Reservoir characterization and prediction modeling have long been among the more challenging tasks in geothermal reservoir engineering. The main reason is the presence of fractures and faults, which control the mass and heat transport in the subsurface. Nowadays, with a substantial increase in data due to advances in computer power and measuring equipment, the oil and gas as well as the geothermal industries are presented with some of today’s most complex data science problems.
Modeling of geothermal reservoirs poses significant difficulties for nonlinear solvers in reservoir simulation. This research focuses on designing novel numerical algorithms to overcome these nonlinear difficulties. These difficulties arise from the strong coupling between the mass and energy conservation equations. This strong coupling results in an apparent "negative compressibility" for blocks that have both liquid and steam phases.
Wellhead measurements of enthalpy and mass flow rate are routine monitoring procedures in geothermal fields. Due to wellbore heat loss, measurement of surface enthalpy can only provide incomplete information about the wellbore and the reservoir, especially during the early testing phases of a development. Measurement of enthalpy downhole would allow for better understanding of the reservoir condition and so would be of great practical significance.
Accurate modeling of fracture flow behavior is important for tight reservoirs, such as shale gas and geothermal systems, where faults and fractures are the main conduits for flow. In enhanced geothermal systems (EGS), hydraulic fracturing is used to increase permeability by creating new fractures or inducing slip on preexisting fractures (McClure and Horne, 2011). If appropriate investments in research and development are made, EGS has a potential of having up to 100 GWe of generating capacity in the next 50 years (Tester et al., 2006).
In order to assess whether particle tracers can provide more useful information about future thermal behavior of reservoirs than existing solute tracers, models were developed for both solute tracers and particle tracers. Three existing solute tracer types were modeled: conservative solute tracers (CSTs), reactive solute tracers with temperature dependent reaction kinetics (RSTs), and sorbing solute tracers that sorb reversibly to fracture walls (SSTs).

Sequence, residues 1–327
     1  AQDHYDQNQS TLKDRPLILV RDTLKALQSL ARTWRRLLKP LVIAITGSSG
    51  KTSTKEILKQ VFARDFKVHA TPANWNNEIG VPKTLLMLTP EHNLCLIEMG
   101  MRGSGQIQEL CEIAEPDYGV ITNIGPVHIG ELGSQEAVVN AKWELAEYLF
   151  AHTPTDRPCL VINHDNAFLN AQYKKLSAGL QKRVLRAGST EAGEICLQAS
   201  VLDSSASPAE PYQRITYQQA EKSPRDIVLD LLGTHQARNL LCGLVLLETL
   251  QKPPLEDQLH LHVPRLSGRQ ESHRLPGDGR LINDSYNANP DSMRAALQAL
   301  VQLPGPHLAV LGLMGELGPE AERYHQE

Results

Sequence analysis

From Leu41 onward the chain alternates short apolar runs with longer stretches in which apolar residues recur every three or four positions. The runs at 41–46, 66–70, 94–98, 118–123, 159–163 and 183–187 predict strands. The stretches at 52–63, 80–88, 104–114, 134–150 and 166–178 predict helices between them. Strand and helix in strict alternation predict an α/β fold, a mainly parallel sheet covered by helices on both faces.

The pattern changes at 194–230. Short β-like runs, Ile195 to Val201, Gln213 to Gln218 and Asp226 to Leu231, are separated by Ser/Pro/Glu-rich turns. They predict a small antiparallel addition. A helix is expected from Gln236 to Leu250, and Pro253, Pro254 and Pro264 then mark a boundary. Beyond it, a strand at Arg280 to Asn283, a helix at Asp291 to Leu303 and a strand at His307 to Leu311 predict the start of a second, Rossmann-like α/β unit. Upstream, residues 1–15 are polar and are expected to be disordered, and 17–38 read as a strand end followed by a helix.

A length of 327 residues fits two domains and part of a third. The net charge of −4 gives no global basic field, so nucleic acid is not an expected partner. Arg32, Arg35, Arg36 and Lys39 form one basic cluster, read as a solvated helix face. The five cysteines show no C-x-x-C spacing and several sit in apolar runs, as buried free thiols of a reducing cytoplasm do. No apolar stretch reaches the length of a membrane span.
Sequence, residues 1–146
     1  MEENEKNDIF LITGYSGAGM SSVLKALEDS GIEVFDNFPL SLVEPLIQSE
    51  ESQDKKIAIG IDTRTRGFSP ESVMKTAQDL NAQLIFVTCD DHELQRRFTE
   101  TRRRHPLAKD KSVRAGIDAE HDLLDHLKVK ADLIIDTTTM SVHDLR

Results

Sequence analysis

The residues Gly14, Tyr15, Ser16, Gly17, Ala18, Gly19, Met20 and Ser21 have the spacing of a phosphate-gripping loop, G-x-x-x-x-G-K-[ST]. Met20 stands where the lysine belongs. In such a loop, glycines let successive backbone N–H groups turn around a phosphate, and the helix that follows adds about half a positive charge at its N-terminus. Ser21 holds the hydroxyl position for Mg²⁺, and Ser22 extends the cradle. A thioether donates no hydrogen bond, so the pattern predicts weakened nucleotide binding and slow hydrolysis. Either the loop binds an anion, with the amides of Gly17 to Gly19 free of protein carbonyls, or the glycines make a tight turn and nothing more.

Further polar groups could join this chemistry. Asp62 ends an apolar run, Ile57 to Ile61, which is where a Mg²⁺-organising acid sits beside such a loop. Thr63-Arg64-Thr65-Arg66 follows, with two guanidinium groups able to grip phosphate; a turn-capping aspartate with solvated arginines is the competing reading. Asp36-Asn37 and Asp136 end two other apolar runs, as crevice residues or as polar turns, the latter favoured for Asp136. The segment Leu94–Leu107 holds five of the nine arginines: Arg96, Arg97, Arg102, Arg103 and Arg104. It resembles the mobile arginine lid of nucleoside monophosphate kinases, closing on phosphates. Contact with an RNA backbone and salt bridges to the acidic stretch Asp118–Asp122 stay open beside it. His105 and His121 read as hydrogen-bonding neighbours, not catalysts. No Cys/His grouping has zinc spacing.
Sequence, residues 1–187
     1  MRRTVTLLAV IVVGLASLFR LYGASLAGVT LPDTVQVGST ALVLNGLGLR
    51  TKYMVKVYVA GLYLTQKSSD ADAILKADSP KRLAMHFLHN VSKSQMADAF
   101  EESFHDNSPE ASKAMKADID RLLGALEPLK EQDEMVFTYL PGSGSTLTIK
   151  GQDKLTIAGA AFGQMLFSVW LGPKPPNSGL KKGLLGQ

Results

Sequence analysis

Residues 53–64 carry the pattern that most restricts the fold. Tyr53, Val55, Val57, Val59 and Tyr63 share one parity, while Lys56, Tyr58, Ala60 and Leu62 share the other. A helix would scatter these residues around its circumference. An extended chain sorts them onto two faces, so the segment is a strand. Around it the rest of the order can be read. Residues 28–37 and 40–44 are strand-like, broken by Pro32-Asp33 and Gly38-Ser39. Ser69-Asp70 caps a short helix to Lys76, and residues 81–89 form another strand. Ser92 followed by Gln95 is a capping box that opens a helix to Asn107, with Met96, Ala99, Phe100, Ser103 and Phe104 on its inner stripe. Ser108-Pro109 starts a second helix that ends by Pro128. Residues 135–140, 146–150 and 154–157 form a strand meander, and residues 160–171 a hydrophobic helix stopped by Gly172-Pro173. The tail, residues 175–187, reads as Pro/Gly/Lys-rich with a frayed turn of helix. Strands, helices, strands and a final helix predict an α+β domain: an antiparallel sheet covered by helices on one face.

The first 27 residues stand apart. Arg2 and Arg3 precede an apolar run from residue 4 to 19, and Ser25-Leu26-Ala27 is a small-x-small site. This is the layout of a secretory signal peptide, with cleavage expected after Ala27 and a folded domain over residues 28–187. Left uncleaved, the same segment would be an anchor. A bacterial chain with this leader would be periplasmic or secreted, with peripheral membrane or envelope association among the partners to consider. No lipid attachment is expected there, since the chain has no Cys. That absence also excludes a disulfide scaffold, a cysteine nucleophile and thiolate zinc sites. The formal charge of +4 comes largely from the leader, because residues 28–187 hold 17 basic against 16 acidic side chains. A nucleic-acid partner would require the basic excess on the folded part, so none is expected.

This study aimed to estimate the connectivity of fracture networks using direct current resistivity measurements. In these surveys, a direct current is sent into the ground through electrodes and the voltage differences between them are recorded. The input current and measured voltage difference give information about the subsurface resistivity, which can then be used to infer fracture locations. Other geophysical surveys used commonly to find hidden geothermal resources are self-potential and magnetotelluric surveys. Garg et al.
In Enhanced Geothermal Systems (EGS), hydraulic stimulation is carried out by injecting water at high pressure into low permeability, typically crystalline rock. In most cases, the fluid injection causes slip on the preexisting fractures, enhancing their permeability and increasing well productivity. The simplest EGS arrangement is a two well doublet in which cool water is injected by an injector well, it heats up as it moves through the rock, and then is produced by a second well.
Project Technology Type: EGS Component R&D › Reservoir Characterization
Awardee: Stanford University
Location: Stanford, CA